This book attempts to tell the amazing story of Queen Isabel of Castile as it appeared to her contemporaries, against the blood-spattered background of her own times. It is a tale so dramatic, so fascinating, that it needs no embellishing or piecing out with the wisdom— or folly— of another age. To probe the inner cosmos of men and women long dead by the light of a pseudo-science, to strip away with pitiless irony all noble or generous appearances, to prize open with an air of personal infallibility the very secret hinges of the door to that ultimate sanctuary of the human conscience which is inviolable even to father confessors— that is an office for which I have neither the taste nor the talent; and if I have fallen unawares into any such pitfalls of the devils of megalomania, I beg forgiveness in advance. Under the naïve rhetoric of the fifteenth-century chroniclers there is ample material for what Joseph Conrad called rendering the vibration of life and Michelet called the resurrection of the flesh, without resorting to subjective interpretation. And it has seemed all the more imperative to follow the sources objectively and let them speak for themselves as far as possible, because, strange as it may appear, the life of Columbus’s patron and America’s godmother has never been told completely and coherently in our language.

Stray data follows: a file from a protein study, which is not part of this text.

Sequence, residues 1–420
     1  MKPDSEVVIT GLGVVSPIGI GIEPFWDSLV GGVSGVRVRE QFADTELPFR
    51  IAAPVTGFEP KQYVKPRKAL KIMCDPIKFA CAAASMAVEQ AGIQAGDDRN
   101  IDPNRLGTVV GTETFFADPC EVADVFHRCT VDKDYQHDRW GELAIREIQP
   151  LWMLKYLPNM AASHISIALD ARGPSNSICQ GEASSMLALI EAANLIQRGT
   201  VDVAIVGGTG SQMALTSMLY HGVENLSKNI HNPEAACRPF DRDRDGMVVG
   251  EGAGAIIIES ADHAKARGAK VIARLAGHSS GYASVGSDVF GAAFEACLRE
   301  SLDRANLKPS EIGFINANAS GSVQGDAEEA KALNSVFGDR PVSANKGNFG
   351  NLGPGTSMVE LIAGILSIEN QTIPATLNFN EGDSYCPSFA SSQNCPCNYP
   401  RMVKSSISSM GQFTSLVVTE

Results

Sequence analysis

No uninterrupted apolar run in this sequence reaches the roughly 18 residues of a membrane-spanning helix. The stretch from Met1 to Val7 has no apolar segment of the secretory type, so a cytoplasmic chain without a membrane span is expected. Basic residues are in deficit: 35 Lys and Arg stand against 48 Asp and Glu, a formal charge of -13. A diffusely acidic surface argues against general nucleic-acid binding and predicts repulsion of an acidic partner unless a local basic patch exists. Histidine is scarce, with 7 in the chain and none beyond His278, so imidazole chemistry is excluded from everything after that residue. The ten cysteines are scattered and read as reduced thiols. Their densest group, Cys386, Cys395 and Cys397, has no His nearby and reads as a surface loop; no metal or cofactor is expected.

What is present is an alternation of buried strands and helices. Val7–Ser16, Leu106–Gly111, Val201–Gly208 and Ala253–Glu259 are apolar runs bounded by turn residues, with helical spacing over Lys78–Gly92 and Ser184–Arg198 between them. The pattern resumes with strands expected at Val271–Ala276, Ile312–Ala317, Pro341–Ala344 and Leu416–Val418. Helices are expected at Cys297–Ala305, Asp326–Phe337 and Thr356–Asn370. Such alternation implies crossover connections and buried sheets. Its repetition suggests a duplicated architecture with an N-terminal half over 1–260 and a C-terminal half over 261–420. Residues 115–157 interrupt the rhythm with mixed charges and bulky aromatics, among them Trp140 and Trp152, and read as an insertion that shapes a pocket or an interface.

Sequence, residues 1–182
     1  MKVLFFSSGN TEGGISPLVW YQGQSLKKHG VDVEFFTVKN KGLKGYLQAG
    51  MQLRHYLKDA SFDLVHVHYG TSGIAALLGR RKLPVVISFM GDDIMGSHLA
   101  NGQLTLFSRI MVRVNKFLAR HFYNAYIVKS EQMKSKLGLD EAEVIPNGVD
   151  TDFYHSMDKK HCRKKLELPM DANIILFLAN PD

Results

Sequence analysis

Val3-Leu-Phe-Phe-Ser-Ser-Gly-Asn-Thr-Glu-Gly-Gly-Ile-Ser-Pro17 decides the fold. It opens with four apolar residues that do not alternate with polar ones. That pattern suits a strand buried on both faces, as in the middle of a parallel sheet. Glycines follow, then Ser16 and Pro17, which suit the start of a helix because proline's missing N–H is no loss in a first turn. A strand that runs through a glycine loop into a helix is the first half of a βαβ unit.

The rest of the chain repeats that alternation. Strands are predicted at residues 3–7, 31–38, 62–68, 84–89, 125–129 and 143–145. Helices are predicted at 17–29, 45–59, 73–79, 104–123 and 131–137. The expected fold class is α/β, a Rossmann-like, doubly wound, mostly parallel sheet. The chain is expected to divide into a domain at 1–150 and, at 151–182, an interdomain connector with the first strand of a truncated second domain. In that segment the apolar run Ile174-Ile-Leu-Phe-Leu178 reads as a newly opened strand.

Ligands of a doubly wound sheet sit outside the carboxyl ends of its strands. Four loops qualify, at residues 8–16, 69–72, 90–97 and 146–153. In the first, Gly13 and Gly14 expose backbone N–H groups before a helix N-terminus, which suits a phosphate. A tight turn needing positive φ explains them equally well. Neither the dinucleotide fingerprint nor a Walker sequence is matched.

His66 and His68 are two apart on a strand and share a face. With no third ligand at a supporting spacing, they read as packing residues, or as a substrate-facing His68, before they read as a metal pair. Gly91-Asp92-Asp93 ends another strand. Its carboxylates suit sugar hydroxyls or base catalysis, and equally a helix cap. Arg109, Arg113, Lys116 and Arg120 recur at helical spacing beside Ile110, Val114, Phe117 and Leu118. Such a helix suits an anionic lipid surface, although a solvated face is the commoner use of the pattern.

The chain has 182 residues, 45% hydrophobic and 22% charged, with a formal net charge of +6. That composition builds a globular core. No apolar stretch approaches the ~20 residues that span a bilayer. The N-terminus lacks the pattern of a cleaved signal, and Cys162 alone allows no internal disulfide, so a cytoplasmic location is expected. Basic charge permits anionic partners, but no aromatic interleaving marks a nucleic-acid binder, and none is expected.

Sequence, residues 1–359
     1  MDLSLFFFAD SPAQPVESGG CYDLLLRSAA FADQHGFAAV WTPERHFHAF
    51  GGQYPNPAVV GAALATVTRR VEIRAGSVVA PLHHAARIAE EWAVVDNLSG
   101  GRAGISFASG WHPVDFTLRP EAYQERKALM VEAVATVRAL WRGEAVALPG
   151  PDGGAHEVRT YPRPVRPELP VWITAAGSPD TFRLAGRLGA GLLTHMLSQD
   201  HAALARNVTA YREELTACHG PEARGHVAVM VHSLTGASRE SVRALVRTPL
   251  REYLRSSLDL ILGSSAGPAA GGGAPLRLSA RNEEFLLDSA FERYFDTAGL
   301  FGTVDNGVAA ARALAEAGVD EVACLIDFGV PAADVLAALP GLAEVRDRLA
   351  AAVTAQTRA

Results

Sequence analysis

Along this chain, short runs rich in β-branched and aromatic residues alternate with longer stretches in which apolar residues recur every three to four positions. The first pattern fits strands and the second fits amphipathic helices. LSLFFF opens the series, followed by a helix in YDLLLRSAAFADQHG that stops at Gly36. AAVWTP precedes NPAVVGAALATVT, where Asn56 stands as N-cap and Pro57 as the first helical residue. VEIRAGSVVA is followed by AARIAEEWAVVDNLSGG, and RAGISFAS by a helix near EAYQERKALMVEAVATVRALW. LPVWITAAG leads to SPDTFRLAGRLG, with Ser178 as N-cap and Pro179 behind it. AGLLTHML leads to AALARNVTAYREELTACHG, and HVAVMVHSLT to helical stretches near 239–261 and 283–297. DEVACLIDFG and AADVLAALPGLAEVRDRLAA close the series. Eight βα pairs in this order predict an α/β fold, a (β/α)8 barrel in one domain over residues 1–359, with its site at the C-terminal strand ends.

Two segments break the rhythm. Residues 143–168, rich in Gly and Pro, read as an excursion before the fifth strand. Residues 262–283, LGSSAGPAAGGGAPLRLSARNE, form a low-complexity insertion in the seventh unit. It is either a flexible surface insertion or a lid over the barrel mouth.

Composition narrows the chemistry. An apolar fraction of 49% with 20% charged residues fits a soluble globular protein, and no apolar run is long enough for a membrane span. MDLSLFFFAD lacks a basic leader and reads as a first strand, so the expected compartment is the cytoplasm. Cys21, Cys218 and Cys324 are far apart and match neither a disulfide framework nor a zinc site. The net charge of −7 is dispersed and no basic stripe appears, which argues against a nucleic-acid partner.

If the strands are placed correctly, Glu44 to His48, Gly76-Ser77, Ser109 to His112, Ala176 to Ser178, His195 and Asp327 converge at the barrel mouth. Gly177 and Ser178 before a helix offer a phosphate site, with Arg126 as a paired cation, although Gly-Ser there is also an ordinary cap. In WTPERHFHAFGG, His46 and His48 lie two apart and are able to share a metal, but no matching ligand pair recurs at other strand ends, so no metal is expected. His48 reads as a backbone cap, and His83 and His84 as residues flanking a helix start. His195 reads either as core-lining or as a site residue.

Queen Isabella of Spain